New Atlanta mayors often enjoy a long honeymoon, and Reed—Howard University grad and a pragmatist of Obama-ian proportions—is no exception. Sixteen months on the job, he enjoys widespread support among Democrats and Republicans and is quick to defuse criticism by shouldering blame and not shirking it. He’s fulfilled a campaign promise to reopen sixteen rec centers that closed due to budget cuts under Mayor Shirley Franklin. He’s hired 250 new cops, taking steps to address his public’s greatest concern: safety. He’s fattened the city’s coffers through layoffs and is tackling the city’s rapidly depleting pension fund. But the city’s most eligible bachelor still faces hurdles: negotiating further cuts to those pensions; the continuing issue of city robberies, rapes, and murders; growing anger over the city’s contract with aggressive meter minders PARKatlanta; and, as a member of a regional panel, tenuous talks on how Georgia will spend a proposed 1 percent transportation sales tax. Of course, the workaholic’s ambitions may soon take him beyond Atlanta. He’s told some that he plans to return to lawyering after leaving City Hall, but face time on MSNBC, Meet the Press, and at the White House to pitch the Savannah port-deepening project indicates otherwise.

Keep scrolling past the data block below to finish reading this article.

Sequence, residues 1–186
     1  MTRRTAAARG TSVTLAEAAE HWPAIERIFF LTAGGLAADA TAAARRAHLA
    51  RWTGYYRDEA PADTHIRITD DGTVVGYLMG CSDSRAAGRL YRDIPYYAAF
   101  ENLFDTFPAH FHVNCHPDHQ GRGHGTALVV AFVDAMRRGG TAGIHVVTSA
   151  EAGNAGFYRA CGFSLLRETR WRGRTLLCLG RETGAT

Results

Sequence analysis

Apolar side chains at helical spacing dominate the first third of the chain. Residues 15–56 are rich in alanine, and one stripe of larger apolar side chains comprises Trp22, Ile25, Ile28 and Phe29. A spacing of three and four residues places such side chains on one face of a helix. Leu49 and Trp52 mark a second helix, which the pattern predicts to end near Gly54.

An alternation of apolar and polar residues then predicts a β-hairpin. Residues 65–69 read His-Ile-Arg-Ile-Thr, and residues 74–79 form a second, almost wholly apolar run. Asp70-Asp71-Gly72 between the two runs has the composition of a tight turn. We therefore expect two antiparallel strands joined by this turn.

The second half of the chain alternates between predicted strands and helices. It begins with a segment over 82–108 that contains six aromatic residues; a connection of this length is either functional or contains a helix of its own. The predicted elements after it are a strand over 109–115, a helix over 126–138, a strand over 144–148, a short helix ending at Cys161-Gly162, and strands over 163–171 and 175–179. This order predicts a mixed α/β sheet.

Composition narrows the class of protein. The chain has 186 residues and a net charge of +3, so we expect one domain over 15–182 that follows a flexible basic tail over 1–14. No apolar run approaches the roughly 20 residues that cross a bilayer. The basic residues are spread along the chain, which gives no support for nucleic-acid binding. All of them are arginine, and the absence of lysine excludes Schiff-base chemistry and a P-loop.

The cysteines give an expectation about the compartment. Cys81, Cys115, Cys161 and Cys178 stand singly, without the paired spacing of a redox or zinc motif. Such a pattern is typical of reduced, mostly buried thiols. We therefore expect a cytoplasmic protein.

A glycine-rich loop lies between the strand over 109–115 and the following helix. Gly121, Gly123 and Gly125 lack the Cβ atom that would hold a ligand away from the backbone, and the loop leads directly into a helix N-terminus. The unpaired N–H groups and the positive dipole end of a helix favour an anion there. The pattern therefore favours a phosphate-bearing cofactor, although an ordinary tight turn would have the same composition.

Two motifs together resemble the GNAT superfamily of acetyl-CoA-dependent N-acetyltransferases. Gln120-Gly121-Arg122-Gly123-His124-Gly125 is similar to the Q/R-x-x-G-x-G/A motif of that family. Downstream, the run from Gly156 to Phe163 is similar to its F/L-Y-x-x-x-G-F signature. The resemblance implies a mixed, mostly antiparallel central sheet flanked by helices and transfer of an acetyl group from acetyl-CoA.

Red Carpet Cronies An entertainment lawyer during his years as a state representative and senator, Reed counts among his friends Jamie Foxx and T.I.
Capitol Idea? The zeitgeist has Reed running for John Lewis’s seat once the civil rights icon retires.